Wireless networks have come of age. With the advent of the latest 802.11n class of products, wireless devices now boast the same throughput and performance as their wired counterparts. But before you consider any wireless deployment, you need to take stock of your goals, decide what applications you’ll be running and determine where on campus your users will need to roam.
Here are 10 questions to address before you draft a proper request for proposal (RFP) from your wireless vendors:
1. What are my requirements?
Don’t even think about vendors until you’ve considered where your users are and what applications they’ll be running. Take stock of your entire operation. Farpoint Group founder and analyst Craig Mathias tells clients that an effective wireless RFP must be based on business operations, and it should include interoperability information, the state of the existing wired and wireless infrastructure, and the number of users to be supported wirelessly.
2. How dense a wireless population will I support?
To handle peak loads and crowded places such as conference rooms, make sure your vendor will deliver enough bandwidth to go around. The more users you connect to a single access point (AP), the lower the individual throughput for each one will be. Some wireless products, like those from Aruba Networks and Xirrus, are specifically designed for denser populations.
Part of understanding wireless population density also involves deciding where to offer wireless coverage on your property. Do you need wireless to supplement your existing office Ethernet jacks, or will users connect wirelessly at their desks? What about conference rooms and other semi-public areas? Will wireless be used by guest workers for Internet access only, or will these users also need connections inside the corporate firewall? Fine-tuning your performance expectations and including adequately powerful access points can make or break a design, experts say.
3. How much VoIP and video will be consumed on my wireless network?
Latency-sensitive voice and video applications require higher-bandwidth connections, such as those afforded by the newer 11n networks. Part of understanding these applications is calculating how much bandwidth per user you need and specific metrics on quality of service.
Mathias suggests creating an RFP that lays out expectations for your business operations: How will you handle interoperability with your current infrastructure? What kind of throughput is expected? How many wireless users need to be accommodated? “Keep the implementation details out of this RFP, and just focus on what you’re going to need to support your applications,” Mathias advises.
4. Do I really need to do a wireless site survey?
Vendors, users and analysts differ on whether the planning tools that come with the major wireless products are useful for predicting real-world usage patterns. The tools all operate similarly: You scan in your floor plan, and then enter bandwidth requirements, the type of radios you will be buying and the target number of users who will be connecting on each access point. The tools then tell you where to locate your APs.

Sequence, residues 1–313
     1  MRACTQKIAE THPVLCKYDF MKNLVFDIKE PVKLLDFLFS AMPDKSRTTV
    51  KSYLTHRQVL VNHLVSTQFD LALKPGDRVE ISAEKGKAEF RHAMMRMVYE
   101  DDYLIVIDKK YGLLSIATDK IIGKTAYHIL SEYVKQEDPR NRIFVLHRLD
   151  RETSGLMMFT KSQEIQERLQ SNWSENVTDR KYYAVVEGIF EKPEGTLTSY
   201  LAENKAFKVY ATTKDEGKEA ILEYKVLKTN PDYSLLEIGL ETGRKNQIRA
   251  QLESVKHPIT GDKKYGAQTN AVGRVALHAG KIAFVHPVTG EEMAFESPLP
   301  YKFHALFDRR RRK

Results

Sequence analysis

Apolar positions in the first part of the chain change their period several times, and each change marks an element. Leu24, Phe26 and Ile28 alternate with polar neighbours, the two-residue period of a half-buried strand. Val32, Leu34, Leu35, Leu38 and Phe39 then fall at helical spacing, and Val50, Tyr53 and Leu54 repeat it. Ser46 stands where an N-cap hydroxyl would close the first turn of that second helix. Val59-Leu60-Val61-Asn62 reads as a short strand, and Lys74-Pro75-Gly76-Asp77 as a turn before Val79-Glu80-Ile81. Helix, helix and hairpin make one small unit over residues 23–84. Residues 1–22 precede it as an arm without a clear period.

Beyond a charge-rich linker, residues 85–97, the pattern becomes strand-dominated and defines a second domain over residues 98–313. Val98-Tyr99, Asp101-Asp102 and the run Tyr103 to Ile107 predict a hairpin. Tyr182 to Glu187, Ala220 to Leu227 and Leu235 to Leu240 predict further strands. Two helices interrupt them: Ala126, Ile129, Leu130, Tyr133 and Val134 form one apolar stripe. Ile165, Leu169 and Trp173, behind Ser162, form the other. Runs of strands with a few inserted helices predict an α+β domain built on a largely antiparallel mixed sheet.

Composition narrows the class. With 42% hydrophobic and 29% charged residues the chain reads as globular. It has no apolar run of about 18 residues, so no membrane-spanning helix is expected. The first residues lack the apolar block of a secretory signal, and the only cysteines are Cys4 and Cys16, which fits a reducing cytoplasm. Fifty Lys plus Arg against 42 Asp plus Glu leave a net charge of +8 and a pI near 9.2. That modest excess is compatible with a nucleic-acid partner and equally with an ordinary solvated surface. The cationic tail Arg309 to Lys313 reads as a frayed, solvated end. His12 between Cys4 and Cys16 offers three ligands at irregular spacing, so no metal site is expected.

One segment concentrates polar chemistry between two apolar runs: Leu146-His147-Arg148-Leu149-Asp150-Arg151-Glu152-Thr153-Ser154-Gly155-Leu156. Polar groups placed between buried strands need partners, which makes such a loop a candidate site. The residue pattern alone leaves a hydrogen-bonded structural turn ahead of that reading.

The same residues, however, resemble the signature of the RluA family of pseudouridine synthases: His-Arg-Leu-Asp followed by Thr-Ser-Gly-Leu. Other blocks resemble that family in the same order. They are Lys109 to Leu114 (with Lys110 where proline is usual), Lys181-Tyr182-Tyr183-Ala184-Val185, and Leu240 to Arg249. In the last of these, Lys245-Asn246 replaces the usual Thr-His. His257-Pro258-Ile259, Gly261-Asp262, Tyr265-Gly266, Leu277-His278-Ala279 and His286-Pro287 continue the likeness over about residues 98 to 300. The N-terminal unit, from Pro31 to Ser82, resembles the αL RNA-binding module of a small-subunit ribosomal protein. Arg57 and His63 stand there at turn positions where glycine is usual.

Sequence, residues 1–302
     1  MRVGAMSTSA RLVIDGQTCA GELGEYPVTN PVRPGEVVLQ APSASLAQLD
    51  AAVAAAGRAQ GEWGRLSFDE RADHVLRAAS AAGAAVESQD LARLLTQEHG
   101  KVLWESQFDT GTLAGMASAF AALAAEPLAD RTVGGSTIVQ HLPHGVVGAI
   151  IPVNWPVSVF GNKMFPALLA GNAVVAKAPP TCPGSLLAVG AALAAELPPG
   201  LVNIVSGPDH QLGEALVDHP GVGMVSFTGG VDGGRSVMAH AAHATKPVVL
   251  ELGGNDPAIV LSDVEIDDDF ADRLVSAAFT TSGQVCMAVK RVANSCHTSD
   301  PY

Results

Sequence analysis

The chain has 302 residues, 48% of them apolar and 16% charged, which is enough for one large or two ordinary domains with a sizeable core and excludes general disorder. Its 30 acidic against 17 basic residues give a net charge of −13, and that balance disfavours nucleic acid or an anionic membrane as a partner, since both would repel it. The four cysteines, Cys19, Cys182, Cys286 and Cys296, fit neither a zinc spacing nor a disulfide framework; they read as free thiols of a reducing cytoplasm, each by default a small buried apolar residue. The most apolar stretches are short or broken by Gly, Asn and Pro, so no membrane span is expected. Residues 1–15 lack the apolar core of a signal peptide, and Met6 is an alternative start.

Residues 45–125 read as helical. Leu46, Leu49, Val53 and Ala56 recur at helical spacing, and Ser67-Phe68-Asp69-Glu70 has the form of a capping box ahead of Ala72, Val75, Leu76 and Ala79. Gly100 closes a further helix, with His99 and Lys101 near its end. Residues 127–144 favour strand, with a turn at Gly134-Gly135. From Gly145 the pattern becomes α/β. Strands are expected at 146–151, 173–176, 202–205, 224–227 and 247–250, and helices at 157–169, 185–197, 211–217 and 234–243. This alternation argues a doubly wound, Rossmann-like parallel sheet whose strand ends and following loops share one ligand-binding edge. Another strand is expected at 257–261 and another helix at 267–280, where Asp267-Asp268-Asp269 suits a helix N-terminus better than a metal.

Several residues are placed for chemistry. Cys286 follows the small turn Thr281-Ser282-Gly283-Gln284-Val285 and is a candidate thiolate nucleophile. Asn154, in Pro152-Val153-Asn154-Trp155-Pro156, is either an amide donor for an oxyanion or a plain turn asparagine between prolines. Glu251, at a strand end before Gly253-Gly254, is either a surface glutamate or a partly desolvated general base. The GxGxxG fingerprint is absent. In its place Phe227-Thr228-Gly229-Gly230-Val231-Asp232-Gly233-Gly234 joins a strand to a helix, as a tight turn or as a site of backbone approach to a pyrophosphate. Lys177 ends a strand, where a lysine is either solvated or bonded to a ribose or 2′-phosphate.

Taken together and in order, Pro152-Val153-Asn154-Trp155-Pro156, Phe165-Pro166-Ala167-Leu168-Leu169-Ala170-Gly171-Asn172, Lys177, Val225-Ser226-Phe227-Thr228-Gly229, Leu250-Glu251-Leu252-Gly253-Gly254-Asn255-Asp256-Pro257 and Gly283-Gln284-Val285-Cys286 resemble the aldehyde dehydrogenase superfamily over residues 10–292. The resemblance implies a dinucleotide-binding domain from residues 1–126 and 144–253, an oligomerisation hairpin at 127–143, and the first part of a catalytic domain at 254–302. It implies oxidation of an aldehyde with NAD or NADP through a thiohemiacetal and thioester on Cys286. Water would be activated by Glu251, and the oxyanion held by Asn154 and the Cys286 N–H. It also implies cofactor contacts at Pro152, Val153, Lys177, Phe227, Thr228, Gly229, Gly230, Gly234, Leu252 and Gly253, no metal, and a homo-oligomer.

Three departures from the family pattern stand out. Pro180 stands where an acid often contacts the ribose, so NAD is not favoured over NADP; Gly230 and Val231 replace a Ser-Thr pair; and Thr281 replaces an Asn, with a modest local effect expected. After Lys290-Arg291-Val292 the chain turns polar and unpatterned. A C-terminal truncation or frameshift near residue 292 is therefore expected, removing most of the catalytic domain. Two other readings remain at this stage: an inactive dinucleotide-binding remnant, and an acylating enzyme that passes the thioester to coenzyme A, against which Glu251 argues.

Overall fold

There is no substitute for placing the APs on the floors where they will be used and checking wireless signal strength on a typical laptop. “There is a certain amount of trial and error with any wireless deployment,” says Mathias. You may need to deploy the entire network in order to find the gaps in your radio coverage.
Trapeze has long offered its planning tool as part of its RingMaster management software. Meru Networks has its E(z)RF application visualization tool, and Cisco Systems offers its Wireless Control System. Aruba has RFprotect Mobile, which is a license-free version of its management interface, so you can try it out before buying.
The predictive surveys work well with small buildings and simple deployments, experts say. The trouble with most of the tools, however, is that they generalize results for radio propagation based on average metrics for obstacles such as walls, cubicles and floors. But these averages may not capture the peculiarities of your building. As a result, you may end up with dead spots or, worse yet, providing radio coverage outside your physical perimeter.
5. Do my users really move around the office?
Just because everyone is getting a laptop doesn’t mean they’ll move it around. If you have a mostly stationary workforce, roaming support isn’t critical. But if your users do move around, you need a product with roaming support built into the controllers so clients are always connected to the best access point.
Vendors like Meru offer such technology. Products that forsake controllers or allow individual laptops to make connection decisions could result in dropped signals as users move about.
The ultimate roaming experience is when users leave your offices and travel around the world. Aruba offers a Remote AP that can be used in hotel rooms to deliver the same connectivity and access that’s available in the workplace with no need for additional client software, according to the company. This could be useful if you have work teams that need to set up shop in a remote location and need a secure connection to the main office.